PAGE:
Ordinary People is a film that is far too realistic for some in terms of how it shows a family dealing with loss and the very real fallout that comes with it. The Jarretts are what you would call a nice family, upper middle class and well-mannered. But when their oldest son is lost in a sailing accident their younger son Conrad is forced to deal with PTSD and survivor’s guilt. Unfortunately his mother Beth simply wants things to get back to normal as she attempts to minimize the loss to the family, while his father Calvin does all he can to keep the family together. In the end however just wanting things to go back to normal isn’t quite enough.
Even families in the real world have to suffer through this kind of thing.
10. Timothy Hutton and Mary Tyler Moore both lost family members before and during filming.
Hutton lost his father and Moore lost both her son and her sister. It was never fully ruled on her son but her sister was found to have died of an intentional drug overdose.
9. Moore actually had less screen time than Hutton.
The story is about the family unit but honestly since Conrad is the one with the biggest issues it makes sense that it would focus more on him.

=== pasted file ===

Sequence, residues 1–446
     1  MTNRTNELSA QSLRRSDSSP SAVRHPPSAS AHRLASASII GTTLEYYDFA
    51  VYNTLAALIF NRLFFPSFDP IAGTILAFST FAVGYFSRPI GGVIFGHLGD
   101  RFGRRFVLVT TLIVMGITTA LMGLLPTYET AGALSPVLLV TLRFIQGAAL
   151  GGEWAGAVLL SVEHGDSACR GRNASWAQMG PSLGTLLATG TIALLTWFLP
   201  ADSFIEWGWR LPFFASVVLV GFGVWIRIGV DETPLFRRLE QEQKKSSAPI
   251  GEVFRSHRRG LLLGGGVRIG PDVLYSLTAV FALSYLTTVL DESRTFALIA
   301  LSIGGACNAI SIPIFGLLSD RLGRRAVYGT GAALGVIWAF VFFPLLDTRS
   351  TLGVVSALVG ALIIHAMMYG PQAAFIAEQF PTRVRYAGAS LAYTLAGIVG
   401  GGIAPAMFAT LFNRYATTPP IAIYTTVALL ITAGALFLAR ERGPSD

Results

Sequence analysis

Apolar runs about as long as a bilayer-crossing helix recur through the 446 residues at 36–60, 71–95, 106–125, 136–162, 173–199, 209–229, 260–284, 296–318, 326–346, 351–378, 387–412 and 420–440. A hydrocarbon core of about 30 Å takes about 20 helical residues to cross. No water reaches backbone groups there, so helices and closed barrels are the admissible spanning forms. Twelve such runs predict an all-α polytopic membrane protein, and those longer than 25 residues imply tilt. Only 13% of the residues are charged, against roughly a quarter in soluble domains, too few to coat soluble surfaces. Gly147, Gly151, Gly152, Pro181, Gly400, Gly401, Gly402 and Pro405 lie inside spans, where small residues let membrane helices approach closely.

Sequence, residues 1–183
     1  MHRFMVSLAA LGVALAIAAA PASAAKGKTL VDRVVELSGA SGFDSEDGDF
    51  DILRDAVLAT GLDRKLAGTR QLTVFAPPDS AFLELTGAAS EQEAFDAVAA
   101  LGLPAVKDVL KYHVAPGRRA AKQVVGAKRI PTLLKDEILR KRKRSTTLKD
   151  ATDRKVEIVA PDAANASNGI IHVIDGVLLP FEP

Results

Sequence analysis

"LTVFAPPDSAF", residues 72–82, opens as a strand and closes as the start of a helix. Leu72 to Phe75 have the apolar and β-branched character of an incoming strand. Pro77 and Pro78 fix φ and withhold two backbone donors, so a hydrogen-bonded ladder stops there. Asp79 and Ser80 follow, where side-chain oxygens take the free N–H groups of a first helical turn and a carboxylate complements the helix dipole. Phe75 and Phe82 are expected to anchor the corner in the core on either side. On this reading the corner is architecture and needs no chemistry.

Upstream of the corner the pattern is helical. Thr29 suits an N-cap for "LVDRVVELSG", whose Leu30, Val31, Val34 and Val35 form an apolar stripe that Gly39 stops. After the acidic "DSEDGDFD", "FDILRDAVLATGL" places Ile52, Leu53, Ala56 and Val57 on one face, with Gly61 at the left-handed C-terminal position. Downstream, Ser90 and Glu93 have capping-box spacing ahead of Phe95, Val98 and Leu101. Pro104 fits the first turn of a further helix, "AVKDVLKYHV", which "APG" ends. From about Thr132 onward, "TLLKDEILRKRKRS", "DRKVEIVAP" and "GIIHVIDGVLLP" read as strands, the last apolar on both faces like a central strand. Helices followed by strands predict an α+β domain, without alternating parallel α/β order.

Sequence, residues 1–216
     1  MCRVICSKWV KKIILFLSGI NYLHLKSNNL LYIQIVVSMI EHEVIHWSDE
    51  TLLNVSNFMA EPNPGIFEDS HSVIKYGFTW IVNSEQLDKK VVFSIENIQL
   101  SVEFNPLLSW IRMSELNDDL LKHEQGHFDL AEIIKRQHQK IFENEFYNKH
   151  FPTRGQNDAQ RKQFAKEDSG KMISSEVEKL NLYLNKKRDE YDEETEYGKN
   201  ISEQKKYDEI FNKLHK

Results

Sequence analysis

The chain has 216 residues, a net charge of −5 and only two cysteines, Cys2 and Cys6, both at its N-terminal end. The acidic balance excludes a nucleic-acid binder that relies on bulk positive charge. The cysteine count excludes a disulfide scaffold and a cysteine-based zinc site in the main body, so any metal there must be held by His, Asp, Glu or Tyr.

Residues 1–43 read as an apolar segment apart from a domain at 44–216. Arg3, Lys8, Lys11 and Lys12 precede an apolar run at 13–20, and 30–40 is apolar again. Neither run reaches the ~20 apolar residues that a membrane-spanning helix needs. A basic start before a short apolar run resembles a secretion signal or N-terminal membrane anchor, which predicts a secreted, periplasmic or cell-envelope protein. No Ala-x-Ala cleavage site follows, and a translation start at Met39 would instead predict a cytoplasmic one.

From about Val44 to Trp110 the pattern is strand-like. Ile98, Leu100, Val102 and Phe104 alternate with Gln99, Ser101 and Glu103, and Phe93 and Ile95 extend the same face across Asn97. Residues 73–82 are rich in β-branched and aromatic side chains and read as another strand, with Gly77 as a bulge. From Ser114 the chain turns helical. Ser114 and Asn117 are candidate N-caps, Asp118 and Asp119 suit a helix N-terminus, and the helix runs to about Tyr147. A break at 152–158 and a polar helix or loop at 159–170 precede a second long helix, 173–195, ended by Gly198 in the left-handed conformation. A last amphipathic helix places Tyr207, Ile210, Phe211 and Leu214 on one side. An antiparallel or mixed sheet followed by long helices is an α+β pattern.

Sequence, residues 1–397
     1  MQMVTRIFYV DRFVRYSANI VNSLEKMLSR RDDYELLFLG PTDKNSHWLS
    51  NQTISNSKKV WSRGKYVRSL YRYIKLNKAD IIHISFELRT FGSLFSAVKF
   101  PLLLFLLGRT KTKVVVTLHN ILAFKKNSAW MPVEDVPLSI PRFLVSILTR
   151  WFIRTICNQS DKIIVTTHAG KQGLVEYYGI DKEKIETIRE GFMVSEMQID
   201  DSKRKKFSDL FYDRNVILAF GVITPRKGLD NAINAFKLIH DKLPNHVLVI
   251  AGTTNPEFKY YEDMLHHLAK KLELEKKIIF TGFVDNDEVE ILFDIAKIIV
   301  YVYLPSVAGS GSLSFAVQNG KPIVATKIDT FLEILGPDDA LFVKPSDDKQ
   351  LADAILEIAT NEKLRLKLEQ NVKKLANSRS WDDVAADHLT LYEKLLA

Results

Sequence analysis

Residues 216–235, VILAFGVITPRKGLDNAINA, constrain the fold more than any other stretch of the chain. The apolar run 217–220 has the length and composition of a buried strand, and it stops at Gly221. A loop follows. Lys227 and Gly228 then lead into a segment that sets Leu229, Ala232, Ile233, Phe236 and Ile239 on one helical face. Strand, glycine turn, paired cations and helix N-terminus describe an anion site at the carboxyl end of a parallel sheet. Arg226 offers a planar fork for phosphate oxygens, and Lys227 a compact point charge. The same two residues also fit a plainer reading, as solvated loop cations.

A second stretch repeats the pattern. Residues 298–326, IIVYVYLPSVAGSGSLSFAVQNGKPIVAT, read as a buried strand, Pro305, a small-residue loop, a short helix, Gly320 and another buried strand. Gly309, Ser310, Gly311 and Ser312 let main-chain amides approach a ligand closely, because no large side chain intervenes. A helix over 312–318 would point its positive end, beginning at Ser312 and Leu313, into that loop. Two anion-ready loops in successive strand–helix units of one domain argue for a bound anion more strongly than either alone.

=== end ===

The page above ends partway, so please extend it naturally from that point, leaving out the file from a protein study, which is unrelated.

8. This is Timothy Hutton’s film debut.
He even won an Oscar for Best Supporting Actor if you can believe that. Right out of the gate and he wins a major award.
7. This was Robert Redford’s first film as a director.
He’d been such an iconic actor for a while that he felt drawn to the next logical step in his career, sitting in the director’s chair as he watched the action unfold.
6. There was an important line from the book that wasn’t in the movie.
When Beth and Conrad were arguing at Christmas she accused him of letting his brother die, and that if he’d done his job he wouldn’t have ended up in the hospital.
5. Mary Tyler Moore stayed in character around Hutton on the set.
She was cold, aloof, and very rude most times. This was to help her stay in character and react as she needed to while on camera. I wonder if he knew that.
4. Redford purposefully told the cast and crew to avoid helping Hutton.
He wanted Hutton to be off balance and look inexperienced as it would give the character of Conrad a much more believable appearance and manner than might be given by a fully-trained and prepared actor.
3. The therapy sessions are said to have greatly influenced other movies.
The therapy session in Good Will Hunting is one of the many that seems to have been influenced by the sessions in this movie.
2. Redford wanted Judd Hirsch for the therapist without question.
He was looking for someone that could act a little bit crazy and when he saw Hirsch on Taxi he knew immediately that he was the one for the part.
1. There’s a lot of blame being thrown around in this story.
Beth blames Conrad for his brother dying, and Calvin for not defending her since Conrad blames her for being so cold and hard-hearted.
It’s about as real as it gets, which is kind of eerie.